Advertisement

Frontiers of Chemical Science and Engineering

, Volume 8, Issue 3, pp 353–361 | Cite as

Immobilization of β-glucuronidase in lysozyme-induced biosilica particles to improve its stability

  • Xiaokai Song
  • Zhongyi Jiang
  • Lin Li
  • Hong WuEmail author
Research Article

Abstract

Mesoporous silica particles were prepared for efficient immobilization of the β-glucuronidase (GUS) through a biomimetic mineralization process, in which the solution containing lysozyme and GUS were added into the prehydrolyzed tetraethoxysilane (TEOS) solution. The silica particles were formed in a way of biomineralization under the catalysis of lysozyme and GUS was immobilized into the silica particles simultaneously during the precipitation process. The average diameter of the silica particles is about 200 nm with a pore size of about 4 nm. All the enzyme molecules are tightly entrapped inside the biosilica nanoparticles without any leaching even under a high ionic strength condition. The immobilized GUS exhibits significantly higher thermal and pH stability as well as the storage and recycling stability compared with GUS in free form. No loss in the enzyme activity of the immobilized GUS was found after 30-day’s storage, and the initial activity could be well retained after 12 repeated cycles.

Keywords

silica nanoparticles biocatalysis biomimetic synthesis β-glucuronidase encapsulation storage and recycling stability 

Preview

Unable to display preview. Download preview PDF.

Unable to display preview. Download preview PDF.

References

  1. 1.
    Lee C H, Lin T S, Mou C Y. Mesoporous materials for encapsulating enzymes. Nano Today, 2009, 4(2): 165–179CrossRefGoogle Scholar
  2. 2.
    Schmid A, Dordick J S, Hauer B, Kiener A, Wubbolts M, Witholt B. Industrial biocatalysis today and tomorrow. Nature, 2001, 409(6817): 258–268CrossRefGoogle Scholar
  3. 3.
    Bornscheuer U T. Immobilizing enzymes: How to create more suitable biocatalysts. Angewandte Chemie International Edition, 2003, 42(29): 3336–3337CrossRefGoogle Scholar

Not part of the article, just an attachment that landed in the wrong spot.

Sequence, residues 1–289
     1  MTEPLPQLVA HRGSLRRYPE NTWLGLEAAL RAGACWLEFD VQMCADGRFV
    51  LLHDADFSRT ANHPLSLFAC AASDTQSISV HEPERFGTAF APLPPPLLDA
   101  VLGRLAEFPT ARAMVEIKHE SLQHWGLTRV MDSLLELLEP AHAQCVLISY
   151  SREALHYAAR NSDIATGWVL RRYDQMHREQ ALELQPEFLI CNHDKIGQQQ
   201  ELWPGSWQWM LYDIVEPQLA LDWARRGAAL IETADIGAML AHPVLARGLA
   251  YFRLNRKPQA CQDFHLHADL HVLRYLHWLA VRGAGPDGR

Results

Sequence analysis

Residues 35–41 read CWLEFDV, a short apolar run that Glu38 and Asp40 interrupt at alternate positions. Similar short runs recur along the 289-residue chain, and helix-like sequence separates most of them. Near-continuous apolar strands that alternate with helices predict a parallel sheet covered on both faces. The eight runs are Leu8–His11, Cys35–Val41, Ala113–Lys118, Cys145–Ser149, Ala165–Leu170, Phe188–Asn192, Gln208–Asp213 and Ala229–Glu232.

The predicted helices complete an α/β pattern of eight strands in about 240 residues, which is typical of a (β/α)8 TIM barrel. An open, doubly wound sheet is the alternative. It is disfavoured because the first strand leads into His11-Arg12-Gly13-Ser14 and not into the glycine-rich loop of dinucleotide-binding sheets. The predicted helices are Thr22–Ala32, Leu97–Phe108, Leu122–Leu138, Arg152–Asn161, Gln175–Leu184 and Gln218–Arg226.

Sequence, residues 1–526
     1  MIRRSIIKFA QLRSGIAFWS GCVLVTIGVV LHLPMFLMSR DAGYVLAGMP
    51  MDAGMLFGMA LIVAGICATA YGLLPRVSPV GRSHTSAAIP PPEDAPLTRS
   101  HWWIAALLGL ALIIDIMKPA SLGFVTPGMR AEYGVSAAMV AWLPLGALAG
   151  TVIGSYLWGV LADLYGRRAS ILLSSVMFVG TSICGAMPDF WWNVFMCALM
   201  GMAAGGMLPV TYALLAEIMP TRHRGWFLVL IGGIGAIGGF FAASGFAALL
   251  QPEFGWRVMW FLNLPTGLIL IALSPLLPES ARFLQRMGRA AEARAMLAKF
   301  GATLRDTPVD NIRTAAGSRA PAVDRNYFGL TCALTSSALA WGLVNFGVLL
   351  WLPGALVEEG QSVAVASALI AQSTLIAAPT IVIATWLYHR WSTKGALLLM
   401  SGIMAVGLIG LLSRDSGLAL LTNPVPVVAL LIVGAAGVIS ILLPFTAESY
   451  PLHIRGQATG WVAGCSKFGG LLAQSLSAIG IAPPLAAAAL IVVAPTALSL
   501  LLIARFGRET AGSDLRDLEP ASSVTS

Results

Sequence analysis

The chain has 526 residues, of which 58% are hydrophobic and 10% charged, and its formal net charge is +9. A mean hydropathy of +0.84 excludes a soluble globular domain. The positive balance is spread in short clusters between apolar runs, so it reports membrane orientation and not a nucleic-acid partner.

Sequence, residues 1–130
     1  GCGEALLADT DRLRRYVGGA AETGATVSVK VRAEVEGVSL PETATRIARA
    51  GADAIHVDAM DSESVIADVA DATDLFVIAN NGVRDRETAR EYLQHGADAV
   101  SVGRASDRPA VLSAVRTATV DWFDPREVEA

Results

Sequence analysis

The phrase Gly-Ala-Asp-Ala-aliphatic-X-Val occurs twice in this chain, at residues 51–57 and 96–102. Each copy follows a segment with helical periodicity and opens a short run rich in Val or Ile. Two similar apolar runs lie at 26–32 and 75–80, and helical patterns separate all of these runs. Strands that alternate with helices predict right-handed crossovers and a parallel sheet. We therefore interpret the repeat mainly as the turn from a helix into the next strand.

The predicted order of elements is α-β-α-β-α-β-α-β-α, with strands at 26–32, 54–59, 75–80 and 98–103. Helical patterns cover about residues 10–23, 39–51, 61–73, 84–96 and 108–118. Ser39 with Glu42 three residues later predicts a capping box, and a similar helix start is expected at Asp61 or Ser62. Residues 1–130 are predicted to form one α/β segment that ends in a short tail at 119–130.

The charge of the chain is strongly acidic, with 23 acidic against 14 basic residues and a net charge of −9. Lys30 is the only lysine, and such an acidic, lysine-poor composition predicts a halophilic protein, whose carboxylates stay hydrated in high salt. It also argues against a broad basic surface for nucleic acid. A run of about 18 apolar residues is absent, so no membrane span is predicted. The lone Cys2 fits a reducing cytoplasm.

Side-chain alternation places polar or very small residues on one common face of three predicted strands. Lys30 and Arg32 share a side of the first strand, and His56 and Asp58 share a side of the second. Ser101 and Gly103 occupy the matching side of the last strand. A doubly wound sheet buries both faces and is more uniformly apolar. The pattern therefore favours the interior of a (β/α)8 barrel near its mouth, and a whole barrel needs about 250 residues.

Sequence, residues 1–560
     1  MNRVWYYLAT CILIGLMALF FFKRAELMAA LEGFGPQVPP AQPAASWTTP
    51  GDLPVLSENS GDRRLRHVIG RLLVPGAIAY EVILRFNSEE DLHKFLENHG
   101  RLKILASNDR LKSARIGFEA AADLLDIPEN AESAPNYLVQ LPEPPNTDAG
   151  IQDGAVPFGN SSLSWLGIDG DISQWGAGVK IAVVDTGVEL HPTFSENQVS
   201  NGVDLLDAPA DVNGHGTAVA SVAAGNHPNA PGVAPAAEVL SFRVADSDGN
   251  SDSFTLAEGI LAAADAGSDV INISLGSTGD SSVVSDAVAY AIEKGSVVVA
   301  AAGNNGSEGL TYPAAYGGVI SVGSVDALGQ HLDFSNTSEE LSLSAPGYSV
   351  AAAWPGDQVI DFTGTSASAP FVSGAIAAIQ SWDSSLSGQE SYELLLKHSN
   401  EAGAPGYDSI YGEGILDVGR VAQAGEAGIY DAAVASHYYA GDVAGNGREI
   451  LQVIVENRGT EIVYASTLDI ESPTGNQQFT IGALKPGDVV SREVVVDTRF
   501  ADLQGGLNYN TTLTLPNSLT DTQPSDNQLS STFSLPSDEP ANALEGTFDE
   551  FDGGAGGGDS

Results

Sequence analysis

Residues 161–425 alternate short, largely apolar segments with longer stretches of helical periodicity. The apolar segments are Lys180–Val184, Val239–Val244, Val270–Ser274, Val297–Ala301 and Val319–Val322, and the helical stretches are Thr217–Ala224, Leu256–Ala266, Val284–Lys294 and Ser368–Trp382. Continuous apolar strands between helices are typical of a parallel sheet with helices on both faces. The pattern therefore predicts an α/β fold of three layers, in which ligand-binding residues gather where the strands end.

4. 4.
    Eggers D K, Valentine J S. Molecular confinement influences protein structure and enhances thermal protein stability. Protein Science, 2008, 10(2): 250–261CrossRefGoogle Scholar
  5. 5.
    Kim J, Grate JW, Wang P. Nanostructures for enzyme stabilization. Chemical Engineering Science, 2006, 61(3): 1017–1026CrossRefGoogle Scholar
  6. 6.
    Pioselli B, Bettati S, Mozzarelli A. Confinement and crowding effects on tryptophan synthase α 2 β 2 complex. FEBS Letters, 2005, 579(10): 2197–2202CrossRefGoogle Scholar
  7. 7.
    Reátegui E, Aksan A. Structural changes in confined lysozyme. Journal of biomechanical engineering, 2009, 131(7): 074520.1–074520.4CrossRefGoogle Scholar
  8. 8.
    Zhou H X. Protein folding in confined and crowded environments. Archives of Biochemistry and Biophysics, 2008, 469(1): 76–82CrossRefGoogle Scholar
  9. 9.
    Zhou H X. Protein folding and binding in confined spaces and in crowded solutions. Journal of Molecular Recognition, 2004, 17(5): 368–375CrossRefGoogle Scholar
  10. 10.
    Zhou H X, Dill K A. Stabilization of proteins in confined spaces. Biochemistry, 2001, 40(38): 11289–11293CrossRefGoogle Scholar
  11. 11.
    Avnir D, Coradin T, Lev O, Livage J. Recent bio-applications of solgel materials. Journal of Materials Chemistry, 2006, 16(11): 1013–1030CrossRefGoogle Scholar
  12. 12.